If I were stranded on an island and given only one skincare product, it would be Vitamin A.
If I had a nickel for every time I've told a client that, I'd have a million dollars. Ok, maybe a couple hundred, but you get my point.
Vitamin A is hands-down, one of the best ingredients to add to your skincare arsenal. It is an absolute must.
In todays article, I'd like to teach you about the different forms of Vitamin A, why its so beneficial, and how to use it to promote healthy, happy skin.
Retinoid vs Retinol vs Retinoic acid
Retinoids are chemical compounds derived from Vitamin A. Both retinol and Retin-A are retinoids.
Vitamin A, a fat soluble vitamin, is naturally present as retinyl esters and beta-carotene.
Retinoids come in prescription form and over-the-counter. Some products can only be obtained by visiting a physician, while others are sold exclusively to skincare salons, and the remainder can be found at drug and beauty stores.
Retinoic Acid (Tretinoin) is a prescription retinoid and is the active ingredient in Retin-A.
Prescription retinoids are formulated as retinoic acid - the only biologically active form of retinoid that directly affects the skin.
Retinoic Acid begins working immediately, and patients using products like Retin-A see results in as little as 4-6 weeks.
The problem with retinoic acid (tretinoin) is the aggressive nature in which it works. Many people experience excessive peeling, prolonged redness and burning.
This often leads to discontinued use, or a desire for a lighter, but effective version.
Retinol is a mild form of retinoid that must be converted into retinoic acid by the body.
The process of conversion weakens the strength and thus, allows the product to be used more frequently, without the side effects of Retin-A.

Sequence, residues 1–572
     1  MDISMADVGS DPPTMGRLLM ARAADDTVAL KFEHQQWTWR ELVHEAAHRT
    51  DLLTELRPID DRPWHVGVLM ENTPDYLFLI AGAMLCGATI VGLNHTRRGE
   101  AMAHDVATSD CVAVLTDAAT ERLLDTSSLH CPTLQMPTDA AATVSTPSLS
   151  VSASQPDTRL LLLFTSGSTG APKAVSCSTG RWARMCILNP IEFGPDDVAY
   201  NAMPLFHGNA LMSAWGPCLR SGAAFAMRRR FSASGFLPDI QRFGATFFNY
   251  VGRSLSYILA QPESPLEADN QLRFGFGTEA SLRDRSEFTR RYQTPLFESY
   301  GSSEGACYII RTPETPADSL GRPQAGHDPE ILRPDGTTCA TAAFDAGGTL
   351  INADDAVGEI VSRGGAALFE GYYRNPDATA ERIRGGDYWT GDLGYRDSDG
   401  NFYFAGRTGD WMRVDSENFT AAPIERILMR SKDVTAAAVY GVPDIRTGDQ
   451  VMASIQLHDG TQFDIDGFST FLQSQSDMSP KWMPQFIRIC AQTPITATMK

When retinol is applied topically to the skin, it interacts with naturally occurring enzymes to convert retinol into retinoic acid (active form).
Hydroxypinacolone Retinoate (HPR)
HPR is a revolutionary new form of Vitamin A - an ester of retinoic acid. HPR is bioavailable in its current state, but comes without irritation (like Retin-A) or metabolic steps (like retinol).
Think: results like tretinoin, daily process like retinol.
Madhippie is one of the companies utilizing this form of Vitamin A. One of the many reasons I chose to carry this line in my salon.
Which is better?
In our attempts to understand the way the body works, we categorize. We forget the body does no such thing.
The body functions as one synergistic unit, and must be approached as such.
Those who feel they need a formula as aggressive as Retin-A, must remember this. Lifestyle factors such as diet, sleep, and stress are undeniably the route cause of such severe conditions.
There are no magicians here. If acne is your problem, you must start the correction by healing internally.
how does retinol work?
There are two categories of aging: intrinsic (chronological) and extrinsic (photoaging).
Extrinsic aging results from cumulative ultraviolet (UV) exposure, pollution, and lifestyle factors such as diet, exercise, sleeping positions, smoking, and daily skincare habits. It is estimated to contribute 80% to the overall visible signs of aging.
Intrinsic aging is genetically determined and controlled by one's overall health and epigenetic factors that express inherited aging traits.
Vitamin A has the ability to target both intrinsic and extrinsic aging, a major wow factor.
Now, when I say Vitamin A, what I am really referring to is retinoic acid. Any topical form of Vitamin A will come as or be converted to retinoic acid - the form used by the skin.
Retinoic Acid regulates the expression of different genes. It's like a therapist, effectively communicating with your cells, telling them to conduct themselves in a youthful manner.
Retinoic Acid can bind to virtually any skin cell receptor and control its behavior. When Retinoic Acid does this, a cascade of events happen. An increase in epidermal cellular reproduction is initiated, the outermost layer of the skin becomes compact with new cells, new collagen and elastin fibers are produced, supporting glycosaminoglycans are deposited (such as hyaluronic acid), and new blood vessels are formed in the papillary dermis.
Why is vitamin a good for you?
That paragraph above says it all, but let's break it up a bit.
Retinoids are the only FDA-approved product on the market that actually reverse the signs of aging and diminish current wrinkles.
Vitamin A (retinol) is used to treat skin conditions such as acne, psoriasis, aging, discoloration, and congested skin. It has supreme restorative properties and anti aging benefits.
Benefits of Vitamin A:
- Promotes cellular reproduction (new cell growth)